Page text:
Everyone lives in a watershed. A watershed is the land area that contributes water to a location, usually a stream, pond, lake or river. Everything that we do on the surface of our watershed impacts the water quality of our streams, wetlands, ponds, lakes and rivers. What happens in one locality affects other downstream areas.
Focused watershed projects bring together the combined resources and knowledge of many agencies and organizations to solve local watershed issues. Focused watershed projects that involve University of Nebraska–Lincoln Extension include the following. (By clicking on the linked titles you may go to the individual project Web site.)
Watershed planning and management comprise an approach to protecting water quality and quantity that focuses on the whole watershed. This approach is necessary due to the nature of polluted runoff, which in most watersheds is the biggest contributor to water pollution. Polluted runoff is a caused by a variety of land use activities including development, transportation and agriculture, and may originate anywhere in the watershed. Watershed planning and management involves a number of activities including:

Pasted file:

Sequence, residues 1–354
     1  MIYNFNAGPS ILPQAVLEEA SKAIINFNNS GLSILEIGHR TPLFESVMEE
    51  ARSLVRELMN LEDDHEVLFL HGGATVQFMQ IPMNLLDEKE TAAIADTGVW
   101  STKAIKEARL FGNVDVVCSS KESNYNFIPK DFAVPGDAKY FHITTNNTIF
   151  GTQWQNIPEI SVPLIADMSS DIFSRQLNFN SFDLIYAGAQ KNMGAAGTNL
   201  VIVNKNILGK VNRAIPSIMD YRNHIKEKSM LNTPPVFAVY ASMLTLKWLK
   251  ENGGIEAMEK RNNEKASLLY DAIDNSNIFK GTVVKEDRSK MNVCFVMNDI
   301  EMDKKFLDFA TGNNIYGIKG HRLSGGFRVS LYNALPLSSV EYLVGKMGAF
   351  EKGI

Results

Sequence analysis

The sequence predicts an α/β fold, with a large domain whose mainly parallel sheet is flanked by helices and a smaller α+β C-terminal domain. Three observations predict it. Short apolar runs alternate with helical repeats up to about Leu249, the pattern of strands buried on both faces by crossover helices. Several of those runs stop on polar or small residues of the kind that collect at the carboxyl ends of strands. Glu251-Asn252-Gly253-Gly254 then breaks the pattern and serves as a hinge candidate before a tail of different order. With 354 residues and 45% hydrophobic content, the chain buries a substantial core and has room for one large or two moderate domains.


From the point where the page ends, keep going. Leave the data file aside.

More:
Sediment, nutrient, and pesticide losses in runoff are major pollutants of surface waters in the Midwest. Targeting of Watershed Management Practices for Water Quality Protection addresses best management practices in watersheds or landscapes to maximize the impact of investments in water quality protection. This full-color, 23-page document is intended as a resource for those who advise on or practice land and water management.
Research has shown that concentrations of nitrate - nitrogen have accumulated in the groundwater beneath areas where irrigation is intense and where the soils are permeable allowing for leaching of nitrogen fertilizer. Leaching is most severe for surface irrigation systems used to irrigate sandy soils. The Platte River Valley and Eastern Sandhills have been most severely affected.
Advantages and Disadvantages of Subsurface Drip Irrigation, EC776 (PDF, 1.2 MB; 8 full color pages) Discusses subsurface drip irrigation, including the advantages of water application efficiency and savings, energy savings and potential yield increases and the disadvantges of initial investment, system capacity, design restrictions and emitter clogging.